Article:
Friday, May 18, 2007

Mealy machine

A Mealy machine is a finite state machine that generates an output based on its current state and an input. This means that the state diagram will include both an input and output signal for each transition edge. In contrast, the output of a Moore finite state machine depends only on the machine's current state; transitions have no input attached. However, for each Mealy machine there is an equivalent Moore machine whose states are the union of the Mealy machine's states and the Cartesian product of the Mealy machine's states and the input alphabet.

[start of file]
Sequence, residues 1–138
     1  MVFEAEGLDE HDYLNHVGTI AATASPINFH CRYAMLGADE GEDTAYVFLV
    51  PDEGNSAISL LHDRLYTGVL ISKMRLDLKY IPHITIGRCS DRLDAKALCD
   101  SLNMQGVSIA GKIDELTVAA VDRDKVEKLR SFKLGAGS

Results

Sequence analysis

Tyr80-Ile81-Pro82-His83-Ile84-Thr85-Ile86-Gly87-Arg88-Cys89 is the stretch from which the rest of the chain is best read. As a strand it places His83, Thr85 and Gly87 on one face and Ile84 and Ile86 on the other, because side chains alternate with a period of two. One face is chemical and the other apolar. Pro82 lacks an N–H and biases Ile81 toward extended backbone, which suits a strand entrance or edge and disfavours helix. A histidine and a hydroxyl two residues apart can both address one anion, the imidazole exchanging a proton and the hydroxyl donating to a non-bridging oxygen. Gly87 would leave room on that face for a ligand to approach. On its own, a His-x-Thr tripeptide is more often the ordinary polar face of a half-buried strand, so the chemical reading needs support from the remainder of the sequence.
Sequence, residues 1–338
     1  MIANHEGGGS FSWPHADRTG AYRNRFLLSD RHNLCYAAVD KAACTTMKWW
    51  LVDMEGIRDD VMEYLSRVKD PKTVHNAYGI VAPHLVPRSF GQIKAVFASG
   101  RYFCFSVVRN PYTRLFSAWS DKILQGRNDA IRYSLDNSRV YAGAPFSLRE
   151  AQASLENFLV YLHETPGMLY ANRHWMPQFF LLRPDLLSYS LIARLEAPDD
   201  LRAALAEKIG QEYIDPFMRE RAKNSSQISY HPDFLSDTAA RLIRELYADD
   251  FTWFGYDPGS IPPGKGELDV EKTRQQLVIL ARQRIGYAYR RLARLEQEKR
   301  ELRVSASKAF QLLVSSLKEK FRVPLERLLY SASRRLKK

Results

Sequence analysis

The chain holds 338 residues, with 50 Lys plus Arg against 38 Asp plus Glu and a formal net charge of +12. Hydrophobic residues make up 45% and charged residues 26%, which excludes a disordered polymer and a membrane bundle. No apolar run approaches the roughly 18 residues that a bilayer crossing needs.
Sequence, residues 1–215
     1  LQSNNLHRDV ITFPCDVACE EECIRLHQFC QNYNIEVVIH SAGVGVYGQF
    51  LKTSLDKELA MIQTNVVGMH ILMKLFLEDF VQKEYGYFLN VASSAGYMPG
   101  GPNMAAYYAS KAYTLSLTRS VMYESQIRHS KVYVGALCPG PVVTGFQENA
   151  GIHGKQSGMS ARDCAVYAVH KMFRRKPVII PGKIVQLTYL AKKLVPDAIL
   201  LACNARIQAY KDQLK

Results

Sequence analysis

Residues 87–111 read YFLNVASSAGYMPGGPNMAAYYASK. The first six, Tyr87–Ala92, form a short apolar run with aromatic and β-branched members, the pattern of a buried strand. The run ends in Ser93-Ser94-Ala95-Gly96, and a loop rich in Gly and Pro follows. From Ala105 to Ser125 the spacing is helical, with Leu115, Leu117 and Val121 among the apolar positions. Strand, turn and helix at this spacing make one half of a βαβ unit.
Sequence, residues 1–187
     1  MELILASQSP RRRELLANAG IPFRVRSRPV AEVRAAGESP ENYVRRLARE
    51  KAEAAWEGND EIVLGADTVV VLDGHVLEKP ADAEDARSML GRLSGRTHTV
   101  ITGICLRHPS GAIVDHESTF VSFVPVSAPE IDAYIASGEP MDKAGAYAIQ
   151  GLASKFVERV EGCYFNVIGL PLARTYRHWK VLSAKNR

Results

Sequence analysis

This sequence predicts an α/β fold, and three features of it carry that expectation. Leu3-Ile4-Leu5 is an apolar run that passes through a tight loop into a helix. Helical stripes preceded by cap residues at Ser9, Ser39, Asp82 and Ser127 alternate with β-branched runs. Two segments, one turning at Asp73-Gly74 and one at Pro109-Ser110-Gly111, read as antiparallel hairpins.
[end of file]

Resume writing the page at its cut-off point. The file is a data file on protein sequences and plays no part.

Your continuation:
The name Mealy machine comes from that of the concept's promoter, G. H. Mealy, a state-machine lead the way who wrote "A Method for Synthesizing Sequential Circuits" in 1955.

Mealy machines provide a basic mathematical model for cipher machines. Considering the input and output alphabet the Latin alphabet, for example, then a Mealy machine can be designed that given a string of letters can process it into a ciphered string. However, although you could probably use a Mealy model to describe Enigma, the state diagram would be too complex to provide feasible means of designing complex ciphering machines.

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